The Court of Appeal has rejected a claim that a borough council misinterpreted a written ministerial statement published in June 2015 that set out considerations touching applications for planning permission for wind turbines.
In Holder, R (on the application of) v Gedling Borough Council & Ors  EWCA Civ 214 the local authority granted planning permission in April 2016 for construction of a 67.6 metre high wind turbine on a farm close to the village of Woodborough in Nottinghamshire.
The farm is in a rural area which is part of the Green Belt. The wind turbine is intended to provide power for the farm.
The grant of permission was in accordance with the recommendation of Gedling's planning officer in what the Court of Appeal said was a careful and detailed report on the application for permission.
The officer's report advised that the planning committee could conclude that there were "very special circumstances" to justify the grant of permission for the development in the Green Belt, in accordance with the test laid down in paras. 87-88 of the National Planning Policy Framework.
It also advised that the planning committee could conclude that the development complied with guidance on proposed wind energy developments in the written ministerial statement (WMS).
The appellant was a member of a local group of objectors, Woodborough and Calverton Against Turbines (WACAT), who challenged the grant of permission on seven grounds. Mr Justice Green dismissed the challenge on all grounds.
The appellant was granted permission to appeal to the Court of Appeal in relation to only one of those grounds, which concerned the WMS. He contended that the officer in his report misinterpreted the statement and hence gave incorrect advice that the planning committee was entitled to conclude that the development complied with its guidance.
At issue was the final paragraph of the statement which read:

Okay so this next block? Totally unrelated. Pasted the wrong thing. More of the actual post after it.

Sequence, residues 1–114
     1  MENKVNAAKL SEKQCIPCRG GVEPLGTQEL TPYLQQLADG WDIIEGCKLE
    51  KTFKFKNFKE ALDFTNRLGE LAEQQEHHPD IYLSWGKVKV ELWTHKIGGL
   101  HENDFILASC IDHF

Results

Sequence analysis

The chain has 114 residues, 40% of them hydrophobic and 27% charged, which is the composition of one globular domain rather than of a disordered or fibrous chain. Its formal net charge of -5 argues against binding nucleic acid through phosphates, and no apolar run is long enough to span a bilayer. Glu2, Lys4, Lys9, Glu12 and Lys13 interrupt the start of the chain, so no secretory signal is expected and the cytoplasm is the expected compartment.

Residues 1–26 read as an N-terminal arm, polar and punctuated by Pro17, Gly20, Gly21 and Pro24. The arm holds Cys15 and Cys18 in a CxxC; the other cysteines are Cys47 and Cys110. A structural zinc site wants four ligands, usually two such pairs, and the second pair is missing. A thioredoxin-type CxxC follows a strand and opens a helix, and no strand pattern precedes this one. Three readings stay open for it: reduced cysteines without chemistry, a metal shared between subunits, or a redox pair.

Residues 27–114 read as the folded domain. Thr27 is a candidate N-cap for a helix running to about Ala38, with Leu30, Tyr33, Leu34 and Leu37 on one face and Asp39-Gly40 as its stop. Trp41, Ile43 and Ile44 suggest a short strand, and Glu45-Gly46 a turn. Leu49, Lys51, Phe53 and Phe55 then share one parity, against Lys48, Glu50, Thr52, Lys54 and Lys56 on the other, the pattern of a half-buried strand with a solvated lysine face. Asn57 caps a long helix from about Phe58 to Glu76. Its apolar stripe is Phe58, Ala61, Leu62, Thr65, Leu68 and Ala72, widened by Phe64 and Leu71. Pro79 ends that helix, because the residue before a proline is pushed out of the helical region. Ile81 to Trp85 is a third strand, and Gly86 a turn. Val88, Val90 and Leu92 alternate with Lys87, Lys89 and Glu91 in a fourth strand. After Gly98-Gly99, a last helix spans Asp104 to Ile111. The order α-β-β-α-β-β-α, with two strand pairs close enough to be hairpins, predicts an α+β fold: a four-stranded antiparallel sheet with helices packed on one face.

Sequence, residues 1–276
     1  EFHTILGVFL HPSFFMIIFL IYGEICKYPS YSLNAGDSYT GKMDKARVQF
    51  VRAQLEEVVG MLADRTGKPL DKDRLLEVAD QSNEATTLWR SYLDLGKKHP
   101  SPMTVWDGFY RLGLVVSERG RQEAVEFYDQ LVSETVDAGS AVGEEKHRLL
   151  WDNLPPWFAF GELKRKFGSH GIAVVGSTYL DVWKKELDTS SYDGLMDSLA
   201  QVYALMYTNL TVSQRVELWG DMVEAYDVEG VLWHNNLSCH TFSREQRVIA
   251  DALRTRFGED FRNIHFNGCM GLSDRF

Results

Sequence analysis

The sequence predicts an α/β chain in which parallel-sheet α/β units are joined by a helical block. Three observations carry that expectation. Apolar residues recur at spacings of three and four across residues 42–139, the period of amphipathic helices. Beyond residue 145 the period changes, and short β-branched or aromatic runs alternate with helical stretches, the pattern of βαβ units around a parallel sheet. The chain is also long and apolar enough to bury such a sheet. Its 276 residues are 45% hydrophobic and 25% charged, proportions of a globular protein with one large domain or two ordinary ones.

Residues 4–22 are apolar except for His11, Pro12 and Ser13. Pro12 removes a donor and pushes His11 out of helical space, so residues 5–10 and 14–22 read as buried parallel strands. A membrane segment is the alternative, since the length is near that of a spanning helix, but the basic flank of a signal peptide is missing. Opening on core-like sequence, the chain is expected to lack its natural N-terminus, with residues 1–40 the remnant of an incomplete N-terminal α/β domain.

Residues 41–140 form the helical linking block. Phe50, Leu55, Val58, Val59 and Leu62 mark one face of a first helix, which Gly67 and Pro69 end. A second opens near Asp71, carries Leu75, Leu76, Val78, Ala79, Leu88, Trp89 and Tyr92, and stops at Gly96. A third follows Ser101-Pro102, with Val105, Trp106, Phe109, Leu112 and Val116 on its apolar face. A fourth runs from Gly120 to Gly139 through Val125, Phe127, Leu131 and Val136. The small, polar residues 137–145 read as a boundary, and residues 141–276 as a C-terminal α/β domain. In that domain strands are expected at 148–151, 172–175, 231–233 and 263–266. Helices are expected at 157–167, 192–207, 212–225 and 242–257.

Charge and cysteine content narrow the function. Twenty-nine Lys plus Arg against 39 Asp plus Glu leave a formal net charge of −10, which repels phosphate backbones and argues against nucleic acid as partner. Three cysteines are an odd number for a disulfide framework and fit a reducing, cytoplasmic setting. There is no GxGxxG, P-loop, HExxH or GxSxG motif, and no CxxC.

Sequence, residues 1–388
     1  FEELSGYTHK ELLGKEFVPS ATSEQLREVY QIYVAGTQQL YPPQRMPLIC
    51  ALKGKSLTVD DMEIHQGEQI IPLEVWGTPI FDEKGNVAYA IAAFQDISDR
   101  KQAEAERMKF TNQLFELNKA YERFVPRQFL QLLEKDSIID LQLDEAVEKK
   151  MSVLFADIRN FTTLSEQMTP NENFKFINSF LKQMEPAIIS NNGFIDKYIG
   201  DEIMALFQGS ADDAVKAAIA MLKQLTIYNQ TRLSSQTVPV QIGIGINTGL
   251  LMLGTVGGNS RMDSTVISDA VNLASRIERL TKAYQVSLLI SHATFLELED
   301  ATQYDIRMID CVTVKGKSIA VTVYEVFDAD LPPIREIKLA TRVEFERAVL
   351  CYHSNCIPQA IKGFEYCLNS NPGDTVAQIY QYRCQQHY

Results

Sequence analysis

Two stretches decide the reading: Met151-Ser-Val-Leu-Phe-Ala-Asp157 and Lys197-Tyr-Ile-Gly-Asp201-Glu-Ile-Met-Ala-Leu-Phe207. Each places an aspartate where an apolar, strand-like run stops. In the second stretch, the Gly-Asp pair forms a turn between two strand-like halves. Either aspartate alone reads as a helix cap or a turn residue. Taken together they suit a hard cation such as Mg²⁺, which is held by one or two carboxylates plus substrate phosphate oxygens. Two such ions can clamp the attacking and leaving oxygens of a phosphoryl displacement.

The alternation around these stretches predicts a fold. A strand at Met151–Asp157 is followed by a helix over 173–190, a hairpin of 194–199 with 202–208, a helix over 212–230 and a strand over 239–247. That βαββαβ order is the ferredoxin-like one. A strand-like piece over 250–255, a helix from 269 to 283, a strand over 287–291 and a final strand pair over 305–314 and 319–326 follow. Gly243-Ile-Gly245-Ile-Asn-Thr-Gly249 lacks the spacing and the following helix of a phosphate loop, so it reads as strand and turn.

“Where a valid planning application for a wind energy development has already been submitted to a local planning authority and the development plan does not identify suitable sites, the following transitional provision applies. In such instances, local planning authorities can find the proposal acceptable if, following consultation, they are satisfied it has addressed the planning impacts identified by affected local communities and therefore has their backing."
Counsel for the appellant, Richard Harwood QC, argued that the latter wording should be read as meaning that an authority had to be satisfied that the proposal had resolved (i.e. eliminated) all the negative planning impacts identified by any member of the relevant local community.
In this case, members of the local community, in particular WACAT, had referred to negative planning impacts. These included certain impacts on visual amenity and cultural heritage, which had not been resolved (and could not be resolved, in the sense of eliminated).
Therefore the appellant’s council submitted that Gedling could not be satisfied that the proposal had the backing of the local community and could not find that it was acceptable, for the purposes of the WMS.
Rejecting the challenge, Lord Burnett of Maldon, the Lord Chief Justice, said the Court of Appeal could not accept these submissions and the High Court judge, Mr Justice Green, had been right to reject them.
“The proper interpretation of planning policy, including the Statement, is a matter for the court. Mr Harwood's submissions are contrary to the natural meaning of the language used in the relevant part of the Statement, especially when it is read in the context of the Statement as a whole and in the wider legislative and policy context set out above,” the LCJ said.
“The Statement does not provide a test for what is to count as the relevant local community in relation to any particular development. That will depend on the facts of the case and the planning judgment of the local planning authority. There is no suggestion in this case that the Council has reached an impermissible view of who constitutes the local community in relation to this proposed development.”